In chapter 51 of Pride and Prejudice, Jane Austen gives the account of Lydia’s return to her family at Longbourn after her belated wedding to Wickham. Austen shows us how all the awkwardness and embarrassment of the situation is felt, not by the two who should be ashamed, but by the others. Lydia is blissfully oblivious, and blindly infatuated with her new husband. I thought it might be fun to glimpse this moment in time through her eyes as she tells the story to her friend, Mrs. Forster, in a letter.
My Dearest Harriet,
What adventures I have had since I saw you! I write to you now from Longbourn, where Wickham and I have just come to visit after our wedding in London. Yes, London! Are you not surprised? Or perhaps you have already heard that our plans changed after I left you in Brighton. My dear husband (for so he now is!) knew I should prefer London to Gretna Green, and I said I did not care where we went so long as we were to be married in the end.
There was a little delay of the wedding itself, and some horrid unpleasantness with my Aunt and Uncle Gardiner, but I will not take the space for such tediousness here. Only I must say that they were very ungenerous in their attentions to me in all respects. They could not be bothered to give one single party in my honor, to show me about the town, or even to see to it that the church was tolerably filled with well-wishers and flowers for the wedding. My aunt only gave me some lilies from her garden to carry, and are not lilies more appropriate for funerals? Then there was some last minute business my uncle said he had to attend to, which vexed me greatly.
But at last we were at St. Clement’s and there was Wickham waiting for me at the altar, looking vastly handsome. La! I thought I should have fainted for happiness, and what a good joke that would have been. However, I did not faint (for I have a very sturdy constitution), and my uncle gave me away. Then the rector talked on and on – about what, I have no idea, for I was thinking only of my dear Wickham.
Now I will tell you a great secret, for I would not hide any thing from you, my dear, and I know you are quite capable of keeping a confidence. Mr. Darcy was at my wedding! He came to stand up beside Wickham. What do you say to that? I never had any idea before that they were on such friendly terms, but my husband has since explained it, saying that Mr. Darcy has always had the greatest admiration for him. Now that is the kind of friend whom it is very well worth having, for Mr. Darcy is exceedingly rich and no doubt has many favours in his gift.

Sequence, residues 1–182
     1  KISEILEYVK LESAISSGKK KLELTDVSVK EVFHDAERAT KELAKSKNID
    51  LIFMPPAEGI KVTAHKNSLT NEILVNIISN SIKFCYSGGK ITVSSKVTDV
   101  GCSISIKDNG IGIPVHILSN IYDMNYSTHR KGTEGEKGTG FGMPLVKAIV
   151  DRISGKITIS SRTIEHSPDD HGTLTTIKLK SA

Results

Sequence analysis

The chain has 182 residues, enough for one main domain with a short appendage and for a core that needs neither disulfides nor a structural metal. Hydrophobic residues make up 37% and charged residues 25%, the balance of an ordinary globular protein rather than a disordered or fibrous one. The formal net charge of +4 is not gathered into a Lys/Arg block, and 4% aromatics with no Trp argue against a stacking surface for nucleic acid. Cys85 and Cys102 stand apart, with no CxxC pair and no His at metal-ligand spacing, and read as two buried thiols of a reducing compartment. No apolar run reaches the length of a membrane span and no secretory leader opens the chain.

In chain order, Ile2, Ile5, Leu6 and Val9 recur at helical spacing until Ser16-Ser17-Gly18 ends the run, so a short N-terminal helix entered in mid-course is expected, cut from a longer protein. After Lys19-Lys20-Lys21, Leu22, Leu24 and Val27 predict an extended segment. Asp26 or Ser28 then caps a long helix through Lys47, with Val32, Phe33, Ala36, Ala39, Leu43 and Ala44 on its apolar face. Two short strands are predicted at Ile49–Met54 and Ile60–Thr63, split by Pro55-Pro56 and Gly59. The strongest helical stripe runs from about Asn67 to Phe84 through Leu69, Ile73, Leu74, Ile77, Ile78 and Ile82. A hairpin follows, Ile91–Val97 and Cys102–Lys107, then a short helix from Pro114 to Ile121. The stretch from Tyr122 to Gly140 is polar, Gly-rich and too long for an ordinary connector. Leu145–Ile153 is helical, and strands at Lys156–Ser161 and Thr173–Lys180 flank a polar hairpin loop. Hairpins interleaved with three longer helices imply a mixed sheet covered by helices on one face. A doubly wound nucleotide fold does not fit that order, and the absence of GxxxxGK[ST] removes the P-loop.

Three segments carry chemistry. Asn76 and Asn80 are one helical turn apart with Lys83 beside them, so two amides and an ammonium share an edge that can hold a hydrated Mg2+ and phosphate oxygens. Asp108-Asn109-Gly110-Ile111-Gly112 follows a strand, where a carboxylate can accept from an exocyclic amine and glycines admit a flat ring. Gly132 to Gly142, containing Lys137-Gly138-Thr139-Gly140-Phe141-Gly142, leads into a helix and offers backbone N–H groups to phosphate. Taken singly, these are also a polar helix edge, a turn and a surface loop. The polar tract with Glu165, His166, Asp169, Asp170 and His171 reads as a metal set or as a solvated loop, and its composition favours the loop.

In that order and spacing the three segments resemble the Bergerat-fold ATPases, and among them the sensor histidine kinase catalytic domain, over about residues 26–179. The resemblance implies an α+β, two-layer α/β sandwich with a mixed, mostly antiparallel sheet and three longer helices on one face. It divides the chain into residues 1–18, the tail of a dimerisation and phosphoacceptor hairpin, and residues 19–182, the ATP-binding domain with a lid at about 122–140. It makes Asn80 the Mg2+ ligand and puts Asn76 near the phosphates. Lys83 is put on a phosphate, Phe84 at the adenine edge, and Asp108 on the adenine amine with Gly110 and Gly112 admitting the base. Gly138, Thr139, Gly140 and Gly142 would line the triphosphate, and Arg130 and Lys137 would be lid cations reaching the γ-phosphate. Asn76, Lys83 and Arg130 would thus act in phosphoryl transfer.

I could only wish that my sisters had been at St. Clement’s to see me married. Since returning to Longbourn, however, I have at least had the satisfaction of observing how they all envy me. They try to hide it, of course, (excepting Kitty who freely admits it), looking grave and self-conscious, but I see that they are really embarrassed for having been outdone by myself, the youngest of them all. Jane had to give up her place to me, you know, since I am now a married woman. And Mary is sure to have noticed how hopeless her own situation is by comparison. But it is Elizabeth who suffers most acutely, I believe, for I daresay she wanted Wickham for herself. I did not mean to be cruel. I was just telling the story of shewing off my ring to a neighbor I chanced to come across, when in fact Lizzy got so upset as to run out of the room!
Do not you think it a certain proof that she envies me? Well, I was as kind as I could be to her after that. But it is no wonder she and all the others are jealous, for my dear Wickham is the greatest catch in the world! He truly is the handsomest man that ever was seen, as well as being the boldest rider. Did not your own husband once say that he had the finest seat in the regiment? And tomorrow, when the shooting starts, I daresay Wickham will kill more birds than any body else in the county. So I have told my sisters. They would be fortunate to have half my good luck in finding husbands. I have promised to help in that regard by putting them in the way of meeting some very smart officers when they come to visit me in Newcastle.
Poor Mama! She regrets my going so far away more than any body else, but it cannot be helped. I am wife to a military man now, and I must follow by dear Wickham’s side wherever his duty takes him. You understand these things, Harriet, as my other friends cannot.
I hope that we may all meet again one day, but I hardly know when that may be – perhaps not these two or three years. In the meantime, you must write to me often. Wickham and I send our love to you and to Colonel Forster, and we shall remember to drink to your health, as I hope you may on occasion drink to ours.
Your most affectionate friend,